Water Tracking & Usage

A) My name is Amir Paris, my hometown is Dallas, located in Northeastern Pennsylvania in the mountains. We’re fortunate enough to get fresh, clean, potable water from a nearby well. We rent the property so I’m not exactly sure of where the well is located.
I think I became appreciative of this when I moved to State College, where the municipal water coming to the sink looks and smells odd. I learned in my wastewater treatment class about excessive estrogen in our municipal water here as well, which keeps me using a Brita at all times. Due to living in third world countries, where clean tap water was nothing but a fantasy, it was hard to convince my family to stop buying bottled water after moving to this well-supplied house. But as a Water Resources Engineering focus student, I was able to convince them to make the switch. We now drink the water from the sink, which not only saves us money, but definitely helps preserve the environment by not constantly cycling through plastic bottles. According to my landlord, the water does go to the municipality after usage.

B)Here is my tracked water usage for 2/08/2016

Snapshot

C)When I visited Panama last summer. Our water usage was roughly 2 gallons per day. When there, I washed my hands on the river, along with my clothes, and dishes. The community did not have access to clean water, however, we purified river water every night. Showers took no more than 2 minutes since the water was limited and cold. We prioritized the water for strictly washing and drinking. We used a latrine, which did not require water. Cooking water also came from the river which was then boiled to a cleansing point. Since there were 10 of us, the amount of water used to cook came down to less than 1/16th of a gallon per person per day. Geography matters, considering the fact that most houses in this community did not even have access to a hose for water. Although the river provides endless water, purification was difficult, and a trip down to it isn’t easy for everyone. This was one of many things I learned to appreciate from this Panama trip. I understand that water is not limited in Pennsylvania, and I’m afraid to say I take advantage of it sometimes. This is because I don’t see the consequences of doing so as clearly when water is as readily available as it is.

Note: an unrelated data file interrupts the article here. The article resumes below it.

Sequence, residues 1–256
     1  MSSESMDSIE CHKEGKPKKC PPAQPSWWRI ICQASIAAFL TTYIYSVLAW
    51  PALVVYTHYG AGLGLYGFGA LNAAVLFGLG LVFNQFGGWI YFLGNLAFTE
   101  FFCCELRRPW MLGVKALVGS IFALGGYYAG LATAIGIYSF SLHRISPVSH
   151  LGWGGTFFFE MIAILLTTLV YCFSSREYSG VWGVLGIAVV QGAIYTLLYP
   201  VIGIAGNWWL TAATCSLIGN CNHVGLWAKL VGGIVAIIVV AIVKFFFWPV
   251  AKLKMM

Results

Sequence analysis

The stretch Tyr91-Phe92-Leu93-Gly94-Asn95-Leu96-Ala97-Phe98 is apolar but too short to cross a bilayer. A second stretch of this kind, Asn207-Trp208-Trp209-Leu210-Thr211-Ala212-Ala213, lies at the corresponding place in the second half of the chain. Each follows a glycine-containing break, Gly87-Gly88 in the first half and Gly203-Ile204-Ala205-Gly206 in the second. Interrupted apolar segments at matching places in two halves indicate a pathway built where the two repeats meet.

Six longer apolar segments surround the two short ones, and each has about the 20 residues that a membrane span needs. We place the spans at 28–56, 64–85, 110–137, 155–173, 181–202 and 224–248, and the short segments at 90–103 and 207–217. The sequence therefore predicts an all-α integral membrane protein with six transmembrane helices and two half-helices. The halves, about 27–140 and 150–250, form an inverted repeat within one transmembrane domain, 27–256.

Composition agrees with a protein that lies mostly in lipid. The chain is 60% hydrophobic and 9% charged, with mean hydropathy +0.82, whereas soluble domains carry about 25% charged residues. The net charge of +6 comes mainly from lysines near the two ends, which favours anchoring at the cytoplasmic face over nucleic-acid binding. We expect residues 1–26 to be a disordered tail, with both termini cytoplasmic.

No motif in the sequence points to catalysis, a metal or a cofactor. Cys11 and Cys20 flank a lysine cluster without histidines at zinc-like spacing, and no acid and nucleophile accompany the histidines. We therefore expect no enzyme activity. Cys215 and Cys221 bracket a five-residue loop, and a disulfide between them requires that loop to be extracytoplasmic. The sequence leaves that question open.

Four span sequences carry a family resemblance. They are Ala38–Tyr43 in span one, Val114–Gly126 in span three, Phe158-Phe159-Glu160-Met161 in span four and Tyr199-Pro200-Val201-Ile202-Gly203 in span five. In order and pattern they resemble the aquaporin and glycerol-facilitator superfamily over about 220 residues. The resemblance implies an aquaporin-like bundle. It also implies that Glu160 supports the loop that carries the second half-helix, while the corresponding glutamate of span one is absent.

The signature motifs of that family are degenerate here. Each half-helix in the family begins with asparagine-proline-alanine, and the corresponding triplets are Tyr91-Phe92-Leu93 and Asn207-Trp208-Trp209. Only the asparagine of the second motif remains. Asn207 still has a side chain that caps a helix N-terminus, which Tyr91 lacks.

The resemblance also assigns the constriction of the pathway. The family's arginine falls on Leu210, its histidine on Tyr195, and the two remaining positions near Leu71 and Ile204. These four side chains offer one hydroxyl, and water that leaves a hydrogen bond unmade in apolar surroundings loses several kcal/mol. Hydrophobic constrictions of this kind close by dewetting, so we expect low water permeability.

Module 4- Jonah Kim

1-A.

85% of the water source in my hometown all starts from the North Branch Neshaminy Creek (NBNC) just downstream of Lake Galena located in Bucks County. The water from Neshaminy Creek is then run through the Forest Park Water Treatment Plant. The Forest Park Water Treatment Plant is responsible for providing water to the North Wales Water Authority and the North Penn Water Authority. My family uses the North Penn Water Authority’s services to provide our home with water. We have one large kitchen sink with two sinks within the one sink, three bathrooms, three toilets, two showers and five bathroom sinks. The other 15% comes from 17 groundwater wells located throughout  Bucks and Montgomery Counties. Then, the water is used in my home however. I was unable to find out what happens to the wastewater. My home is lined with pipes from the North Penn Water Authority so I assume that they are responsible for our wastewater.

1-B

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1-C

In my home the water I clean, cook, bathe, brush my teeth and use the restroom. My priorities lie in my personal needs. I have to drink water to survive but I could definitely cut down. I could brush my teeth with my sink off. I would run my hair under the shower quickly once. Then, turn off the water and then scrub my hair with shampoo and body wash. Lastly, I’d rinse as quickly as possible. With my bodily waste, I would have to not flush the toilet for the entire day. I actually failed at doing this. The bathing and drinking were easy to do but the waste was tough. My mom got upset once she found out that I was not flushing the toilet and she flushed it anyway. Toilets just need to be flushed if you live with other people. I am very grateful that I live in an area where there is a large water source nearby. Knowing where my water comes from makes me think of all the other people using the same source. And despite the environmental collective action problem I will keep trudging along and try to use less and less water.

 

water water everywhere…

Water, water everywhere…
Part 1-a) In Grand Rapids Michigan we get our water from the Grand River. From the river it goes through a process to ensure it is potable for human consumption. From the treatment facility it is brought into homes throughout the area. After water is used and flushed or drained it goes to a waste water facility where it is filtered, treated (if needed) held for a certain amount of time and released back into the river.
Where I live now we do not utilize public water. We have a well that produces ground water, pumps it through a sediment filter and into a holding tank. After we use the water it is flushed into a septic tank where it is held and filtered and released back into the ground.
Part 1-b) Daily water usage: